Speaking Truth to James Cameron

I’ve been hiding from most people these days.

Not from the usual retreat into my hermitage as I’m generally wont to do – oh no. I’ve become somewhat of a pariah.

Here’s the thing – I didn’t like Avatar.

Maybe you’ve heard of it? From the man that gave us the 90’s cutting edge Terminator 2, Avatar is James Cameron’s latest technological magnum opus.

I should pause here, in case you haven’t seen the film, and as they say on the Internets: Spoiler Alert!

Is it a pretty movie? Absolutely. This film is the next step in modern 3-D. Admittedly, there is some delight to be had flapping your hands at floating blossoms hovering in an alien landscape.

Plus, when you get down to brass tacks, I’m a sucker for advances in technology. So if the movie studios want to crank out some three dimensions, I’m all for it.

Unfortunately for Mr. Cameron, I judge a film not just on the pretty pictures, but also the storytelling, characters and acting. (I guess I’m a little koo-koo that way.)

All of those qualities were non-existent in Avatar. Plus, the themes explored in Avatar had already been covered very recently. And in a far more thought-provoking and intelligent way at that.

(District 9, anyone?)

The only thing missing to make Avatar, “Fern Gully in space” was a wacky bat.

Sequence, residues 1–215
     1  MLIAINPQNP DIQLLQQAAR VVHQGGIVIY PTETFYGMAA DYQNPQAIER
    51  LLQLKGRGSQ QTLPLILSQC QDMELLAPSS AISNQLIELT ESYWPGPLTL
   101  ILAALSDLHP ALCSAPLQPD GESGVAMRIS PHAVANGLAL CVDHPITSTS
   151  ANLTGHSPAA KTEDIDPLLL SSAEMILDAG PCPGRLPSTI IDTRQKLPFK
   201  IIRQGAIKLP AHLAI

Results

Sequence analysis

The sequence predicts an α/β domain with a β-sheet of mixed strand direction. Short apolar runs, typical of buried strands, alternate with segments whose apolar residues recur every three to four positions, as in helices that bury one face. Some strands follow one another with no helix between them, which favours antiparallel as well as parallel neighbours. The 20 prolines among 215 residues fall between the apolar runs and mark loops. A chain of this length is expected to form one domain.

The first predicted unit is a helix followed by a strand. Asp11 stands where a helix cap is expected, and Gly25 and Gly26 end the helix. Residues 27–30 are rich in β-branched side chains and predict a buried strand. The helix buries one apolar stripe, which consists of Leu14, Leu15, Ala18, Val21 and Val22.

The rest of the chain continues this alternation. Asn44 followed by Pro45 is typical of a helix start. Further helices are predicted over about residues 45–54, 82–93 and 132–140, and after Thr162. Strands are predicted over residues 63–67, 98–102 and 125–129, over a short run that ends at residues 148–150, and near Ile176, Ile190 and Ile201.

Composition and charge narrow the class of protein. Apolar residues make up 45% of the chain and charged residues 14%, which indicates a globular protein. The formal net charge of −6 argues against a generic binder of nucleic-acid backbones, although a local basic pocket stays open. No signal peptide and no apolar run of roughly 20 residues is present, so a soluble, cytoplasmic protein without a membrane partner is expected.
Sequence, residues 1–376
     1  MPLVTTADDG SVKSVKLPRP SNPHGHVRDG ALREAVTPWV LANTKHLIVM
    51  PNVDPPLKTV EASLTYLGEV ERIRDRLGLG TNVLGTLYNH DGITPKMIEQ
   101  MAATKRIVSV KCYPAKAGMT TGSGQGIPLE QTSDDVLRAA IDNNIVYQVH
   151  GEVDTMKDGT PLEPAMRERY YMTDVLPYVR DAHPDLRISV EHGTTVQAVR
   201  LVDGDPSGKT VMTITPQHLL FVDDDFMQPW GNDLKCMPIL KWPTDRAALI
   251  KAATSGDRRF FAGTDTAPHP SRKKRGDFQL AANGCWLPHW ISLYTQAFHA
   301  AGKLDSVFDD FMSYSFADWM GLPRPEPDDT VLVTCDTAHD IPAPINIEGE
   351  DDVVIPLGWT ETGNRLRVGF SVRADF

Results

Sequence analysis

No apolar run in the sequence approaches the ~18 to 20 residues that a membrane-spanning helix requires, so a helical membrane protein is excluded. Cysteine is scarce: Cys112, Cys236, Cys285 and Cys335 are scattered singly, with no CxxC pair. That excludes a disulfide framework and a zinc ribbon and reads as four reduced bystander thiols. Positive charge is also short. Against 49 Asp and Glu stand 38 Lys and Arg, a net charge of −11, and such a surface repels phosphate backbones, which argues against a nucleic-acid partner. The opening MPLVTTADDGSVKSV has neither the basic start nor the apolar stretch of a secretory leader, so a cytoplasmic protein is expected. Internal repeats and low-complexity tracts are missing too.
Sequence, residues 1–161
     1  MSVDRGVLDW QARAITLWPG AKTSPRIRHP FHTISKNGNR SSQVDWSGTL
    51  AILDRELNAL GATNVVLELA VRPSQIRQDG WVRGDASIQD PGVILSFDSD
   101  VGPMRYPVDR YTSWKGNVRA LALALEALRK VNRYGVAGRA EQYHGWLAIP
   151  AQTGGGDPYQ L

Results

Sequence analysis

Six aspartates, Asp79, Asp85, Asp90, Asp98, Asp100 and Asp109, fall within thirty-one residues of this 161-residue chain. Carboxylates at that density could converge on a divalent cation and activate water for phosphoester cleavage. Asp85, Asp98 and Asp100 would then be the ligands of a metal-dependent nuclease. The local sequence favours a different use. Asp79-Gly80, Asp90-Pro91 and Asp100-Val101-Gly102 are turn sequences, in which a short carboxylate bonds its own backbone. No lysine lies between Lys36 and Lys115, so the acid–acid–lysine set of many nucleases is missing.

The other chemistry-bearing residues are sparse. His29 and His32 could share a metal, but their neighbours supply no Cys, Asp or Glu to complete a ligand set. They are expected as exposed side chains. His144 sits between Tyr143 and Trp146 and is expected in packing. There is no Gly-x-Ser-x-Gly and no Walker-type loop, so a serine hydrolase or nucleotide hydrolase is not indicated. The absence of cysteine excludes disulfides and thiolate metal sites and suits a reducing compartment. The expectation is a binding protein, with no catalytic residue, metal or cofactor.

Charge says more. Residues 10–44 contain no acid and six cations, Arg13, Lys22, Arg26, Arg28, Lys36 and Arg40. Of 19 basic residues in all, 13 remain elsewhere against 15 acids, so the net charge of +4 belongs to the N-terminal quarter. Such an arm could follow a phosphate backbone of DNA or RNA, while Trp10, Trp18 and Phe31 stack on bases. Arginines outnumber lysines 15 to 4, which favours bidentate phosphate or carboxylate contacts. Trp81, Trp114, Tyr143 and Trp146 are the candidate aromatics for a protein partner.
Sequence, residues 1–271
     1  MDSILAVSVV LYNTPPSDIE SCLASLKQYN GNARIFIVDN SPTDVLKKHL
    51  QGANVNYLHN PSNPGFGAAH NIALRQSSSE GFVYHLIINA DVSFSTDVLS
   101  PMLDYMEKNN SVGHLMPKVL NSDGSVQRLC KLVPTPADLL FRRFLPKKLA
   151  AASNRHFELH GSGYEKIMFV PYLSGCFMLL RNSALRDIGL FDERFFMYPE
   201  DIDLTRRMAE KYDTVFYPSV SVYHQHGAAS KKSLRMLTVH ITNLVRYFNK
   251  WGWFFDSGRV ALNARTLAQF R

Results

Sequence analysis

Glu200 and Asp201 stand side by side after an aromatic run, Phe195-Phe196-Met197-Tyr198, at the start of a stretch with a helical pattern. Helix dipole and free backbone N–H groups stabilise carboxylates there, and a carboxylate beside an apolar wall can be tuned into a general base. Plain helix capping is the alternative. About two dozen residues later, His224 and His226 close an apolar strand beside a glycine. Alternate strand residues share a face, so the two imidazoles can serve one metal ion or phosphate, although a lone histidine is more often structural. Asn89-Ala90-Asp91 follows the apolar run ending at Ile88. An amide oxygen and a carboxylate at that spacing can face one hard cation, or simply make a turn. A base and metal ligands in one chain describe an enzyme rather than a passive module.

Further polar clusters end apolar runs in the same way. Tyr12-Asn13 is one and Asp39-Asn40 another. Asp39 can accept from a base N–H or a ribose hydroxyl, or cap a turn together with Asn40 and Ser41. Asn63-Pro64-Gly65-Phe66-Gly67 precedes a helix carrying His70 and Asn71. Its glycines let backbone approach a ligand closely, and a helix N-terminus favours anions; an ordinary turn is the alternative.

When I try to explain this to people, I’m on the receiving end of many a hairy eyeball, with exclamations of: “Just enjoy it for what it was!” or “It’s mindless entertainment!” and my personal favourite: “But the CGI is amazing!”

I can only repeat this so many times: “Pretty pictures do not a film make!”

We’ve been suckered down this “latest advancements in computer generated imagery” road before. Allow me to summarize this point in two words: Jar-Jar Binks.

‘Nuff said.

So now, because I have the gall to enjoy film based on all its creative angles, I get pegged as a cynic.

To be perfectly honest, as an audience member — for whatever type of entertainment — I hop into that seat with good expectations. I was the one who made the conscious choice to check that something out. I spent the money. My plan was to be entertained. We’re talking about the best of intentions here – really!

So, if I walk out not liking it, I feel completely fine with bitching about it.

I actually can’t get back the hours I spent watching The Phantom Menace, but I can sure vent my frustrations in lieu of a refund.

This is the fun in consuming any creative work. Art’s inherent subjectivity is what lends to some of the best conversation … or so I’d like to think.

And if it makes any difference to the new James Cameron fans, I will always have a soft spot in my heart for Aliens.

Can I come outside now?

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